Philosophia Mathematica 3 (1). 1995.
    Introduction to a special issue of Philosophia Mathematica on the mechanization of reasoning. Authors include: M. Detlefsen, D. Mundici, S. Shanker, S. Shapiro, W. Sieg and C. Wright.
  •  46
    2000-2001 Spring Meeting of the Association for Symbolic Logic
    with Erich Reck, Colin McLarty, Rohit Parikh, Larry Moss, Scott Weinstein, Gabriel Uzquiano, Grigori Mints, and Richard Zach
    Bulletin of Symbolic Logic 7 (3): 413-419. 2001.
  •  45
    Poincaré versus Russell sur le rôle de la logique dans les mathématiques
    Les Etudes Philosophiques 97 (2): 153. 2011.
    Au début du XXe siècle, Poincaré et Russell eurent un débat à propos de la nature du raisonnement mathématique. Poincaré, comme Kant, défendait l’idée que le raisonnement mathématique était de caractère non logique. Russell soutenait une conception contraire et critiquait Poincaré. Je défends ici l’idée que les critiques de Russell n’étaient pas fondées.In the early twentieth century, Poincare and Russell engaged in a discussion concerning the nature of mathematical reasoning. Poincare, like Kan…Read more
  •  31
    Essay Review
    History and Philosophy of Logic 9 (1): 93-105. 1988.
    S. SHAPIRO (ed.), Intensional Mathematics (Studies in Logic and the Foundations of Mathematics, vol. 11 3). Amsterdam: North-Holland, 1985. v + 230 pp. $38.50/100Df
  •  30
    Proof, Logic and Formalization (edited book)
    Routledge. 1992.
    The mathematical proof is the most important form of justification in mathematics. It is not, however, the only kind of justification for mathematical propositions. The existence of other forms, some of very significant strength, places a question mark over the prominence given to proof within mathematics. This collection of essays, by leading figures working within the philosophy of mathematics, is a response to the challenge of understanding the nature and role of the proof.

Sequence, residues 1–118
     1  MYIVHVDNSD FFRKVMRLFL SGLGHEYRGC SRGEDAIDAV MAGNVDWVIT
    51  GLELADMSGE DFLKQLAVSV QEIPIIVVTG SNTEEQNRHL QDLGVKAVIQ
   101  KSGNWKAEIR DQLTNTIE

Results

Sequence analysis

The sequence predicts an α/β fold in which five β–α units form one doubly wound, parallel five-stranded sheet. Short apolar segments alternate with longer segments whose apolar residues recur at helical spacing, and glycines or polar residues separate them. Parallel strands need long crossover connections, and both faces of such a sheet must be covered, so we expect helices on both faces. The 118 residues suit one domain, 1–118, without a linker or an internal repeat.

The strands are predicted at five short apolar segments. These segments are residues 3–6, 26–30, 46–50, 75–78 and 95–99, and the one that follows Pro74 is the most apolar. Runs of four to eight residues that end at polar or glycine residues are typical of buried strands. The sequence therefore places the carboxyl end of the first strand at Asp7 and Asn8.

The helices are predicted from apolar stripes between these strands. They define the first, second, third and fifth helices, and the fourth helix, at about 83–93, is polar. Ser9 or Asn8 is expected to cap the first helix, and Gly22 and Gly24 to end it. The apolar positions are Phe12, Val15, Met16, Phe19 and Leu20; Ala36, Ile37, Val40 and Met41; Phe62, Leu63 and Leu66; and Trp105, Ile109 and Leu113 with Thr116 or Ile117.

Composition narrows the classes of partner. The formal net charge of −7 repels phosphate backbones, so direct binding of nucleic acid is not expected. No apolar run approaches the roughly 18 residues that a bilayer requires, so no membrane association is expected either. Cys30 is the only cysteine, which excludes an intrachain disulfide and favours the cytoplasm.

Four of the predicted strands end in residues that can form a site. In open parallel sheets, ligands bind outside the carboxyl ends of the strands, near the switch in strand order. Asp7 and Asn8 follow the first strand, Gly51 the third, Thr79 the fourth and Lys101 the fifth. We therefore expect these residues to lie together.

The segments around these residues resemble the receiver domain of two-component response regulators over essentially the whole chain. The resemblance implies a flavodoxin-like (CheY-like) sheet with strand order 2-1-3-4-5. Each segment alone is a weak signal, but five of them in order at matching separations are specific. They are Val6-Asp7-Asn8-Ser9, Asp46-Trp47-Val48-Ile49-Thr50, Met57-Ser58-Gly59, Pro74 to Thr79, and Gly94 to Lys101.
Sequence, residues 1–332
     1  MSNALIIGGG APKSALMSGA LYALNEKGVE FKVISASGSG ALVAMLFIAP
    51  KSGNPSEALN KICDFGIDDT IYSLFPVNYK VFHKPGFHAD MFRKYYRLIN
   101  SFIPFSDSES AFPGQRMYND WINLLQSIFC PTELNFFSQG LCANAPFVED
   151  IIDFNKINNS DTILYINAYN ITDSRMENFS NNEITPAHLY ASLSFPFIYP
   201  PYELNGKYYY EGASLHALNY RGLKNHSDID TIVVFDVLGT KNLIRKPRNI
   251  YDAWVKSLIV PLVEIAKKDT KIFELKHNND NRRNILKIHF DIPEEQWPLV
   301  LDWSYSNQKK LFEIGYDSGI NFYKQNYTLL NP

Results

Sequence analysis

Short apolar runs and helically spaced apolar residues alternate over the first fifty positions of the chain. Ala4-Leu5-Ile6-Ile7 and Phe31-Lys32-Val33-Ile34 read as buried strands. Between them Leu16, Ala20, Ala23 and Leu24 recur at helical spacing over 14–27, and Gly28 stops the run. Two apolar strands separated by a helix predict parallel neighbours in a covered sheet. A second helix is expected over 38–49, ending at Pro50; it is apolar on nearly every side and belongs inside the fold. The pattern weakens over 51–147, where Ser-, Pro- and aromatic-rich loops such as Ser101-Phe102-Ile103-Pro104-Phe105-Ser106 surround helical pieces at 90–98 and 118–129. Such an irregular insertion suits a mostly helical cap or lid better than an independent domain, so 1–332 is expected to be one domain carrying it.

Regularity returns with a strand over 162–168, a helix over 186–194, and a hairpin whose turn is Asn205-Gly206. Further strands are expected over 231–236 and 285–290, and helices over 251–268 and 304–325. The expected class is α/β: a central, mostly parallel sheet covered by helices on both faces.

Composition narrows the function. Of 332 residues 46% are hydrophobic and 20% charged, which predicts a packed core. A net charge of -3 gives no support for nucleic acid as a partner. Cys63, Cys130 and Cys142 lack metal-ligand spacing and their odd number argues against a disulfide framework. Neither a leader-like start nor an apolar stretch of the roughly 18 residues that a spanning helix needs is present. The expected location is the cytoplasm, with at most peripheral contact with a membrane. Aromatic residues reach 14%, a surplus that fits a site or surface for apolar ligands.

•  26
    Formalism and Hilbert’s understanding of consistency problems
    Archive for Mathematical Logic 60 (5): 529-546. 2021.
    Formalism in the philosophy of mathematics has taken a variety of forms and has been advocated for widely divergent reasons. In Sects. 1 and 2, I briefly introduce the major formalist doctrines of the late nineteenth and early twentieth centuries. These are what I call empirico-semantic formalism, game formalism and instrumental formalism. After describing these views, I note some basic points of similarity and difference between them. In the remainder of the paper, I turn my attention to Hilber…Read more
  •  24
    Hilbert's Program
    Noûs 26 (4): 513-514. 1992.
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  •  22
    Duality has often been described as a means of extending our knowledge with a minimal additional outlay of investigative resources. I consider possible arguments for this view. Major elements of this argument are out of keeping with certain widely held views concerning the nature of axiomatic theories (both in projective geometry and elsewhere). They also require a special form of consistency requirement.